Email scams increasing: What to look out for and how to protect yourself
The KU IT Security Office (ITSO) has seen an increase in two types of email scams:
- Attackers impersonating a KU VIP (dean, department chair, etc.) will email an employee in a position to make purchases on behalf of a KU department and ask the employee to buy gift cards to give as thank yous, rewards or reimbursements to other employees, vendors, etc.
- “Sextortion” scam messages, in which the attacker threatens the recipient with a claim to have video, via the victim’s web camera, of the victim visiting a pornography site. The attacker demands a ransom be paid in Bitcoin.
In most cases, scammers will have done significant research, and they often troll LinkedIn and similar sites for the information they need to make their message look more authentic.
What to do if you receive a suspicious email
Your first step should be to forward the suspicious message to firstname.lastname@example.org. If you receive a request for gift cards from someone claiming to be your supervisor, contact their office using a known, good phone number and do not respond to the email.
While the extortion emails seem urgent and may even contain a password you used at some point in the past, they are not legitimate. Forward them to email@example.com and do not respond. If you believe you are in immediate danger, contact the KU Public Safety Office at 785-864-5900 or by dialing 911.
The scams above are just two examples of hundreds of different scams and phishing attacks. That’s why it is so important for you to be vigilant in recognizing malicious emails and taking action to protect yourself.
Common characteristics of malicious emails:
- The sender email address is from an unfamiliar domain (e.g., @foxmail.com, etc.).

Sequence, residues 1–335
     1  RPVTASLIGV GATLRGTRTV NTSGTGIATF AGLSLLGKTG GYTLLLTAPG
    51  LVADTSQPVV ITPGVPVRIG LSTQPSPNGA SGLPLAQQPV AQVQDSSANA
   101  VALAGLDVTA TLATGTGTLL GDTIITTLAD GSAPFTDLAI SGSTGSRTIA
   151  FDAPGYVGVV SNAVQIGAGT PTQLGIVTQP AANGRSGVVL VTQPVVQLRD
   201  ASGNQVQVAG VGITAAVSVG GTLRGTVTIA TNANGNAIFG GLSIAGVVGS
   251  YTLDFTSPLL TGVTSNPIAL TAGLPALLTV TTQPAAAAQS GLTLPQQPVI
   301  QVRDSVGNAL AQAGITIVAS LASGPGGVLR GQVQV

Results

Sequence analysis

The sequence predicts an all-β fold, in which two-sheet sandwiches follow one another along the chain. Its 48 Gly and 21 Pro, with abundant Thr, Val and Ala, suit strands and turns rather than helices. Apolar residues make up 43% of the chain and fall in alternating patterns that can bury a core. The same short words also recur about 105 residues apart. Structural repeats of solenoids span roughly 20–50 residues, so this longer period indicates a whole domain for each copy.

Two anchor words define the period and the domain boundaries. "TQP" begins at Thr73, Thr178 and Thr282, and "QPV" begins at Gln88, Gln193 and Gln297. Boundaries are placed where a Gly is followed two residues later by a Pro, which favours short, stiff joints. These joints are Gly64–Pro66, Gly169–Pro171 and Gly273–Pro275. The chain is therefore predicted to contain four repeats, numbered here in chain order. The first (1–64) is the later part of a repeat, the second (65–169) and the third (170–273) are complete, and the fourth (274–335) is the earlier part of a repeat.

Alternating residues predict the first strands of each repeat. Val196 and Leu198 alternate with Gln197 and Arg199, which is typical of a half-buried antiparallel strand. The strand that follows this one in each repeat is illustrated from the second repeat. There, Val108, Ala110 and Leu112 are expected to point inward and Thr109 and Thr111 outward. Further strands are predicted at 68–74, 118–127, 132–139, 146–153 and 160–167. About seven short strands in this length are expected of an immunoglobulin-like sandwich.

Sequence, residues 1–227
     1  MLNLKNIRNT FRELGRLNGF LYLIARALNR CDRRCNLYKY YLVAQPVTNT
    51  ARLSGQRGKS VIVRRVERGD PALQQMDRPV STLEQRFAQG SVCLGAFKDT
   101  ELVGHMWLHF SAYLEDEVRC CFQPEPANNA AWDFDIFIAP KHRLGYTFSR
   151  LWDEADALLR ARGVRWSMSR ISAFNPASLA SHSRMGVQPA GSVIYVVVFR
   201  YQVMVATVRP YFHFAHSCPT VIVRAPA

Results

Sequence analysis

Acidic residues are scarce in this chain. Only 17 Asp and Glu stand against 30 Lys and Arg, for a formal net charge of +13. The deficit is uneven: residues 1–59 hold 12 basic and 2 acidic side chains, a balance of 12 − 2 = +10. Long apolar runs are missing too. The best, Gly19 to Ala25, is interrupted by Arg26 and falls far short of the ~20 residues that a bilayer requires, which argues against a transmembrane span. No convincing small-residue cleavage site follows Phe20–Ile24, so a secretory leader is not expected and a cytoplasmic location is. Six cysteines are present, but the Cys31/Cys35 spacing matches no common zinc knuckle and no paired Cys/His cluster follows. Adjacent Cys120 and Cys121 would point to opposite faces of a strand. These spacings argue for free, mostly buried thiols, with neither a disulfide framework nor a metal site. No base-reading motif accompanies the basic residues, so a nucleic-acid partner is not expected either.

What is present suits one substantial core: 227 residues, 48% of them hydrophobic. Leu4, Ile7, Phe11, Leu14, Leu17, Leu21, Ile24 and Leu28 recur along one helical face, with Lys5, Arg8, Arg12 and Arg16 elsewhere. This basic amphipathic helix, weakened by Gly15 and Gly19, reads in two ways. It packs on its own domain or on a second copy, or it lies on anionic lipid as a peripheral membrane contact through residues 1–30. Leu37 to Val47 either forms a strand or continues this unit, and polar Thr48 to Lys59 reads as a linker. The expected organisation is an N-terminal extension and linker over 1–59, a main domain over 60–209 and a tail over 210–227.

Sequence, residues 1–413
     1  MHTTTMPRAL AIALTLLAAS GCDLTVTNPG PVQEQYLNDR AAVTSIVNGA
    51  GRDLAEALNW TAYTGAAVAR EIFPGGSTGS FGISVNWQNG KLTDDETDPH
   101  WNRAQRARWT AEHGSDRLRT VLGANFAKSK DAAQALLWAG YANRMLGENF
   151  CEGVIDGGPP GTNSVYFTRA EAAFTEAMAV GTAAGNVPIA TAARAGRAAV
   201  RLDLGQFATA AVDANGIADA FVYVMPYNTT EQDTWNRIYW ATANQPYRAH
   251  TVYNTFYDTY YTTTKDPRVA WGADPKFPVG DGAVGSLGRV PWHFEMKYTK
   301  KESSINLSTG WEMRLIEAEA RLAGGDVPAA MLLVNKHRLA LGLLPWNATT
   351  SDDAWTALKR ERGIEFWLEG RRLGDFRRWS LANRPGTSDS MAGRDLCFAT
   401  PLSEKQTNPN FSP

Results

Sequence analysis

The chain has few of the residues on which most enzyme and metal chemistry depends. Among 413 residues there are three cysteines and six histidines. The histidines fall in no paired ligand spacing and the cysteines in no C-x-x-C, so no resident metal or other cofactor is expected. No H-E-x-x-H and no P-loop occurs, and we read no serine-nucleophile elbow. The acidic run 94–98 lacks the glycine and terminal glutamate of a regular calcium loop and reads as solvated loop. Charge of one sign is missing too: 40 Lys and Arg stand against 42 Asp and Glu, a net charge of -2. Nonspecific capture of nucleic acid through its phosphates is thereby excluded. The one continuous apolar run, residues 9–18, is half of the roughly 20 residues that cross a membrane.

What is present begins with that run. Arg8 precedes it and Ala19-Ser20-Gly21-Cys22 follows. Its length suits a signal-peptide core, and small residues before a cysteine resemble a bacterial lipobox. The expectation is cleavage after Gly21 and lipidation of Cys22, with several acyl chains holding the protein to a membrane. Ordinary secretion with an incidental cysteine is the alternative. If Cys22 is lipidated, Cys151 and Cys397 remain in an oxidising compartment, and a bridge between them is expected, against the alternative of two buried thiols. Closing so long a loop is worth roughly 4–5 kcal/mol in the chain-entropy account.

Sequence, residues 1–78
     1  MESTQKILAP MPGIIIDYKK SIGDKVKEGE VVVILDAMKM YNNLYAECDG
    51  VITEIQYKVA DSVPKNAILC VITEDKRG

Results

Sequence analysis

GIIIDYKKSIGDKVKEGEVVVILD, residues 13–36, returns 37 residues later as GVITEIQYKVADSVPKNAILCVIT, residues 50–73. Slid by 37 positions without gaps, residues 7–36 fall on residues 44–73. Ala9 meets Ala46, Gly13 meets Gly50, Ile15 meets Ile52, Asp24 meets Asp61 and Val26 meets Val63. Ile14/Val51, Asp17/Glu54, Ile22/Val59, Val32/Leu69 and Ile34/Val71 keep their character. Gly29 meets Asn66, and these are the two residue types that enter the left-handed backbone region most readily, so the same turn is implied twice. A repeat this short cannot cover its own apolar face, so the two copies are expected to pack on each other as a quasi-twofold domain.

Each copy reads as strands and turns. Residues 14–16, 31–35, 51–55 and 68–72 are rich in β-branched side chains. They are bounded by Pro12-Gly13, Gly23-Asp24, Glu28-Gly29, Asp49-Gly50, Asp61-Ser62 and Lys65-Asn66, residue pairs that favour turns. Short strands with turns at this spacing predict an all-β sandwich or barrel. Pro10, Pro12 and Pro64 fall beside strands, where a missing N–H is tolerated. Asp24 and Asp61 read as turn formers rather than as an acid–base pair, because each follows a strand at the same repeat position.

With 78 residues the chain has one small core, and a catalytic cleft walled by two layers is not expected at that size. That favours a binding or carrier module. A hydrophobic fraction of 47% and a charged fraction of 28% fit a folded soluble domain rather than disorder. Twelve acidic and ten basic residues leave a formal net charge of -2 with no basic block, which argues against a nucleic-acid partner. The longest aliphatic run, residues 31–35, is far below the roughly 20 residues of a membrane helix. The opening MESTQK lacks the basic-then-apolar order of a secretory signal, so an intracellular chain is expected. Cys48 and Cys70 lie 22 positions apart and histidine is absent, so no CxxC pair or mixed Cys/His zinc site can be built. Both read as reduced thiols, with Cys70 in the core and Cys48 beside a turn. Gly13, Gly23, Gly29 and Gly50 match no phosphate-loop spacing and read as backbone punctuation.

- The sender email address and/or name in the header does not match the signature block.
- The sender email address mentions a known company even though the domain is unfamiliar. (e.g., firstname.lastname@example.org).
- The email begins with a generic greeting: “Hello Bank Customer.”
- The attacker employs a threatening, desperate or far-too-friendly tone.
- The email contains familiar logos that are somehow off (e.g., pixelated, stretched or squashed or otherwise improperly rendered).
Ways to protect yourself:
- Forward suspicious emails sent to your KU account to email@example.com.
- Never click any link or logo/image in an email you feel is suspicious.
- Employ multi-factor authentication for an added layer of security. You can read more at https://duo.ku.edu.
- Always employ complex individual passwords for every site you regularly visit. Store these in a password manager.
- Always lock your computer or phone when you step away from them.
- Ensure the sites you visit employ secure HTTP technology (their URLs begin with https://).
For general information about these attacks and other potential threats, please call the IT Security Office at 785-864-9003 or email them at firstname.lastname@example.org.